$$ {\small{\begin{aligned} \max_{\substack {\{{\mathbb{A}_{1}},{\ldots},{\mathbb{A}}_{N_{C}}\}\in \mathbb{K} \\ \text{and}\{{\mathbb{B}_{1}},{\ldots},{\mathbb{B}}_{{N_{D}}}\}\in \mathbb{K}}} \left(\sum_{{c}\in \mathbb{C}}\text{log}\left(\sum_{{n}\in \mathbb{A}_{c}} \lambda_{c,n}\right) + \sum_{{d}\in \mathbb{D}}\text{log} \left(\sum_{{n}\in \mathbb{B}_{d}} \lambda_{d,n}\right)\right) \end{aligned}}} $$
(2)
$$ \begin{aligned} \text{subject to} \quad \mathbb{A}_{c} \cap \mathbb{A}_{c'} &= \emptyset, \forall c \neq c',\quad \text{for} \quad c, c' \in \mathbb{C}\\ \mathbb{B}_{d} \cap \mathbb{B}_{d'}& = \emptyset, \forall d \neq d',\quad \text{for} \quad d, d' \in \mathbb{D}\\ {P_{c,n}} &= {P_{c}/|\mathbb{A}_{c}|,\quad \text{for}~ n \in \mathbb{A}_{c}}\quad\\ {P_{d_{t},n}} &= {P_{d_{t}}/|\mathbb{B}_{d}|,\quad \text{for}~ n \in \mathbb{B}_{d}}\quad. \end{aligned} $$
For simplicity, Equation 2 can also be written in the product form, as follows:
$$ \max_{\substack {\{{\mathbb{A}_{1}},{\ldots},{\mathbb{A}}_{N_{C}}\}\in \mathbb{K} \\ \text{and } \{{\mathbb{B}_{1}},{\ldots},{\mathbb{B}}_{{N_{D}}}\}\in \mathbb{K}}} \left(\prod_{{c}\in \mathbb{C}}\text{log}(\sum_{{n}\in \mathbb{A}_{c}} \lambda_{c,n}) \cdot \prod_{{d}\in \mathbb{D}}\text{log} (\sum_{{n}\in \mathbb{B}_{d}} \lambda_{d,n})\right), $$
(3)
where is the set of all possible subchannel allocations satisfying the adjacency constraint. \(\mathbb {A}_{c}\) (and \(\mathbb {B}_{d}\)) and \(|\mathbb {A}_{c}|\) (and \(|\mathbb {B}_{d}|\)), respectively, represent the set of allocated subchannels and the number of allocated subchannels to CUE c (and DUE d). The first and the second constraints show the exclusivity constraints for CUEs and DUEs, respectively. In other words, a subchannel cannot be allocated to any other CUE and D2D pair (f cd) in the same TTI, if it is already allocated to a CUE and a D2D pair. Similarly, the third and the fourth constraints mean that the CUEs and DUEs are using equal transmit power on all allocated subchannels, where P c and \(P_{d_{t}}\) are the transmit power of CUE c and DUE Tx d t , respectively. The notations used in this paper are summarized in Table 1. The formulated objective problem (2) is NP hard in nature, since it is applied on all subchannes and the set \(\mathbb {A}_{c}\) do not have the samelength.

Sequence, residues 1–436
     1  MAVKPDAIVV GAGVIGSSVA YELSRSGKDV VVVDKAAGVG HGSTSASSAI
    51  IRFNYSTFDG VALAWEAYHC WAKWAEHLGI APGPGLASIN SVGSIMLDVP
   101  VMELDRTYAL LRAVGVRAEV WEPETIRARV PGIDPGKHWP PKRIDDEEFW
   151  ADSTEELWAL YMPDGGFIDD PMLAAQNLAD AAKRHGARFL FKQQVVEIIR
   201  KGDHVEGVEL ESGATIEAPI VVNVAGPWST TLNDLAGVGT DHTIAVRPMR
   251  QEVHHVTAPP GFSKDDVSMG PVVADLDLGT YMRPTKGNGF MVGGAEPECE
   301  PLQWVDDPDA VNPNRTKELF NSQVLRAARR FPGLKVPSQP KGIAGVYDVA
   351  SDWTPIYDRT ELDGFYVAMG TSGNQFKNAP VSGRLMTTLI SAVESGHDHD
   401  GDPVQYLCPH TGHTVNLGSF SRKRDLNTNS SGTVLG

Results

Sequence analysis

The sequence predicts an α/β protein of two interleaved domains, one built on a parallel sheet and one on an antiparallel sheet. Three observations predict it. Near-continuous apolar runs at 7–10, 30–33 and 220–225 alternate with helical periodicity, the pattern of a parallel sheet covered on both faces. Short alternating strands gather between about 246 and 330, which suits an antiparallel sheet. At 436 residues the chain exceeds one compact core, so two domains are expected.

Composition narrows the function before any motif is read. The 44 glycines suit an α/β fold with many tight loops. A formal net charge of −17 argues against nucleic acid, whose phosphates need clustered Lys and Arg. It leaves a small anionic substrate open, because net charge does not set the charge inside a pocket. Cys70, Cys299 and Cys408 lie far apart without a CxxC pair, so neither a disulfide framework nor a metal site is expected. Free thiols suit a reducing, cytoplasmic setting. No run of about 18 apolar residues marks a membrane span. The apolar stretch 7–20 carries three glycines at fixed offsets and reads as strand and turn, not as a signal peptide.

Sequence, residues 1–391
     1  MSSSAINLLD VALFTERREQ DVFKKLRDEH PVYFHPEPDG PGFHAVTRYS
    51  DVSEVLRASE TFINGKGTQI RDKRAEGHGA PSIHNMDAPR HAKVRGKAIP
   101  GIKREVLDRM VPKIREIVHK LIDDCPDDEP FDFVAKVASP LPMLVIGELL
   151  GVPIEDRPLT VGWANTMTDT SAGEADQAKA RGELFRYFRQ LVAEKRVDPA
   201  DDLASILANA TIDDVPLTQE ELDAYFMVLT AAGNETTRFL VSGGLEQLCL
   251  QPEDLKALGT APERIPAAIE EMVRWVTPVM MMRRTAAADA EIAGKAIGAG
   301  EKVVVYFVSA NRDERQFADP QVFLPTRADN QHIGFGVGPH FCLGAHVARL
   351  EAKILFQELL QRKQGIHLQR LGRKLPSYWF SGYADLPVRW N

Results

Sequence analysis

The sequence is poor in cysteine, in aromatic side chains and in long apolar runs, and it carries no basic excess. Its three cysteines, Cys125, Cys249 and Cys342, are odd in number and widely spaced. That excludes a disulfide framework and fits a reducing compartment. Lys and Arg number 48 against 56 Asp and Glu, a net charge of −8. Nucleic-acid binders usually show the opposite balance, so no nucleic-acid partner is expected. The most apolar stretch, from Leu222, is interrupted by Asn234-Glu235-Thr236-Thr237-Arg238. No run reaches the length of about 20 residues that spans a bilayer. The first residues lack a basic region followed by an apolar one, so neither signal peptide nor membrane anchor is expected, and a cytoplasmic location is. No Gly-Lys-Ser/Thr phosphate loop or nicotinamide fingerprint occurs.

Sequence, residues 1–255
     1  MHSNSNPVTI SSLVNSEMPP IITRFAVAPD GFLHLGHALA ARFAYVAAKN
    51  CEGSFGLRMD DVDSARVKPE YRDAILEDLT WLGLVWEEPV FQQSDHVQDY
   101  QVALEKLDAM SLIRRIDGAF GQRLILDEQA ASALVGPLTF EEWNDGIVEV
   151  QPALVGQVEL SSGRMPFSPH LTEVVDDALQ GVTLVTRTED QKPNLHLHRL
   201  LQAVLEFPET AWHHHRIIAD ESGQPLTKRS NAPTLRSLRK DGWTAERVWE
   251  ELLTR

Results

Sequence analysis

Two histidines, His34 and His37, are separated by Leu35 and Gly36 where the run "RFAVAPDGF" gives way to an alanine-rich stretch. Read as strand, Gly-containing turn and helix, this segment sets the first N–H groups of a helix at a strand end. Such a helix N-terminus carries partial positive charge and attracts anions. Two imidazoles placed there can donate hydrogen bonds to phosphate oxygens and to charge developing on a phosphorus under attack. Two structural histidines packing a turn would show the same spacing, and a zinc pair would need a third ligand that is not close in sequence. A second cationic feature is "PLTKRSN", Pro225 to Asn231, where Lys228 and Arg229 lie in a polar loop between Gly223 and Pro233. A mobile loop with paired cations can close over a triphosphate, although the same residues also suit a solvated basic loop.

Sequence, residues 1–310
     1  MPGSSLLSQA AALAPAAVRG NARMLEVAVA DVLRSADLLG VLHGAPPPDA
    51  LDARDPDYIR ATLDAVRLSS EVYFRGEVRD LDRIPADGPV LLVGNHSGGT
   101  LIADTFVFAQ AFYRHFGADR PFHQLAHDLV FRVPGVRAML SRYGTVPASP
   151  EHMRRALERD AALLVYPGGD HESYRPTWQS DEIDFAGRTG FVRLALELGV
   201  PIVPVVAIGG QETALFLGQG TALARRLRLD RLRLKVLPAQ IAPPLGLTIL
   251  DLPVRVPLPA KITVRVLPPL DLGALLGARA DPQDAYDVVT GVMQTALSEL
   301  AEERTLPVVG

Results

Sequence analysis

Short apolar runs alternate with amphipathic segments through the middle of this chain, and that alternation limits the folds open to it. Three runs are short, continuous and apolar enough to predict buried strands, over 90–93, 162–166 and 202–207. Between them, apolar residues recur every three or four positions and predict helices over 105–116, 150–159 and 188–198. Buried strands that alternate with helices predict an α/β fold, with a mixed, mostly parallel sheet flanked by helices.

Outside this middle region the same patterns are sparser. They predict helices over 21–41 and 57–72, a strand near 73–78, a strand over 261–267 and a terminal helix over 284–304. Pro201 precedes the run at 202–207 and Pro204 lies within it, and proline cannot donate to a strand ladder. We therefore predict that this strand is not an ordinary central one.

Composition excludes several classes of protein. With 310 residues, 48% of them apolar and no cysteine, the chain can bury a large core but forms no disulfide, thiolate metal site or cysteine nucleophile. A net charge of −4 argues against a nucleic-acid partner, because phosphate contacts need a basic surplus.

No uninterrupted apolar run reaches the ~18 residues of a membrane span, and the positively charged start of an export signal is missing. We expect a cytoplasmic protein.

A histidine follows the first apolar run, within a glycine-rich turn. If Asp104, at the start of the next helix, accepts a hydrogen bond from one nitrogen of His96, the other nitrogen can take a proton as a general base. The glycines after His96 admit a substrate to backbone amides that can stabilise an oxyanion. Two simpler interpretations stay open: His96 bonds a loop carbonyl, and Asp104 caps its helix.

Table 1

Definition of notations

Notations

Definition

N C

The number of CUEs per cell

N D

The number of DUEs per cell

The set of CUEs in the cell

The set of DUEs in the cell

λ c,n

PF metric value of CUE c on subchannel n

λ d,n

PF metric value of DUE d on subchannel n